Taxpayers here, after the token swap, need to consider the adjusted cost of acquisition while computing the income from the transfer of VDA.
Since there is no specific guidance from the Income Tax Department regarding the taxation and accounting of a token swap, we need to use generally accepted principles for determining these taxable events and income computations.
Cryptocurrency Token Swaps are treated as Stock Splits
Since cryptocurrency token swaps resemble stock splits, the treatment for taxations is calculated similarly.
In short, what is a stock split? A stock split occurs when a company creates additional shares, thus reducing the price per share.
In other words, when new shares are received on account of a stock split, the total number of shares with the individual would increase, but the total value of the investment remains the same. In such a scenario, the total value of investment should be divided into the total number of shares available with the individual after the stock split.
Example: BYT is a stock trading on the exchange. It announces a stock split of 1:5. That is, for every 1 old BYT stock, investors will get 5 new BYT stocks. The value of their investment would not change, but the number of shares would increase, and the price of the stock would reduce, hence balancing out the entire situation.
The above example is very similar to a cryptocurrency token swap, and hence the tax implications for them are similar to a stock split.
Cryptocurrency Token Swap Tax Example
Let us assume that taxpayers who owned the token ABC had to go through a cryptocurrency token swap. The predetermined conversion rate was 1:10. So, after the token swap, each TOKEN of ABC was replaced with 10 units of XYZ.
Let’s assume A has 10 ABC tokens worth INR 10,000. That is, each coin is worth INR 1,000.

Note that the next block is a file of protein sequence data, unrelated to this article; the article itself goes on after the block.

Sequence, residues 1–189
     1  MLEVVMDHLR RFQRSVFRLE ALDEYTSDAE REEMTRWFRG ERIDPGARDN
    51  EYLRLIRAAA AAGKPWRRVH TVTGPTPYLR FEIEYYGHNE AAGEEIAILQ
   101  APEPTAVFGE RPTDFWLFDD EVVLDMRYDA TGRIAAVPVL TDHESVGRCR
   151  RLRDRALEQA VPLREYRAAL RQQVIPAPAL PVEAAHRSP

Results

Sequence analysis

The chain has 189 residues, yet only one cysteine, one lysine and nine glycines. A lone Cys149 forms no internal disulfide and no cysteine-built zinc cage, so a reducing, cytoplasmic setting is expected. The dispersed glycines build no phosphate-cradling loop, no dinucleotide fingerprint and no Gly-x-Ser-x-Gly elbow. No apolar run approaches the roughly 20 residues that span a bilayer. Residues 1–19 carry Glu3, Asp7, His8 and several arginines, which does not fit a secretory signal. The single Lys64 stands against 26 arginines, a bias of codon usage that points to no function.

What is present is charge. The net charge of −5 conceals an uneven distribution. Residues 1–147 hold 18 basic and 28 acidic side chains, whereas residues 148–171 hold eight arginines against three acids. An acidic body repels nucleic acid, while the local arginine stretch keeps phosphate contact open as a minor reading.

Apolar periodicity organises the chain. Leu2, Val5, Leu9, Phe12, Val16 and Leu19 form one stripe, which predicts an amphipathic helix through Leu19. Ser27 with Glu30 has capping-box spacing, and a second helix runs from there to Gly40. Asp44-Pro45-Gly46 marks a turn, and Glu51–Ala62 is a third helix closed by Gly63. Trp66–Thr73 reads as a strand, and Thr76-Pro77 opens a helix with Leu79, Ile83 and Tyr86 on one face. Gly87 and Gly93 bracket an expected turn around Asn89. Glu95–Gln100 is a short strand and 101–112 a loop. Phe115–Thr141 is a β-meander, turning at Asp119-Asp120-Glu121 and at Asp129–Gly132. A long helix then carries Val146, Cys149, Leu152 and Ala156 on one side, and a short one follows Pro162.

He sends his ABC balance in for a swap. ABC is discarded, and he receives 100 (10 x 10) XYZ tokens in return. If A fails to properly perform the swap, he will lose access to the legacy (EARLIER) token, whose blockchain may have stopped operating.
He now owns 100 XYZ tokens. However, the total value of the token is still INR 10,000. But the value of each token has fallen to INR 100.
So even though the number of tokens has increased from 10 to 100. The total investment value has remained constant at INR 10,000. That means no gain or loss has been made on the transaction, and hence no tax needs to be paid for this transaction.
However, when A further disposes of 50 XYZ tokens for INR 200 each, then the Income generated would be INR 5000 [INR 10,000 (50*200) less INR 5,000 (50*100) being the adjusted cost of acquisition post token swap]. Income tax payable on the above Income would be INR 1500 (Income of INR 5000 * 30% Income Tax) plus applicable surcharge and cess.
To conclude, while cryptocurrency token swaps do not have clear tax regulations, they are treated akin to equity swaps, which do not have tax implications at the time of the swap since there are no capital gains.
Now that you know how crypto swaps are taxed, you’re wondering how to calculate the taxes on them. Binocs has got you covered. Binocs helps you calculate accurate and timely taxation on all your crypto transactions. Whether they’re USDT transactions or P2P, Binocs will recognize them for you and help you generate an accurate tax report, all while being compliant with the latest regulations.
Frequently Asked Questions
1. Are there two types of cryptocurrency swaps?
Yes. The first one is a crypto<>crypto trade (BTC<>ETH). The second one is cryptocurrency token swap, wherein the underlying blockchain experiences a switch, and new tokens are issued of the previous same value.
2. How are cryptocurrency token swaps taxed?
Currently, no clear regulations have been mentioned for cryptocurrency token swaps. Investors are advised to follow the above-mentioned treatment given to stock splits for computing the income, wherein the cost of acquisition is adjusted for change in quantity from the token swap event.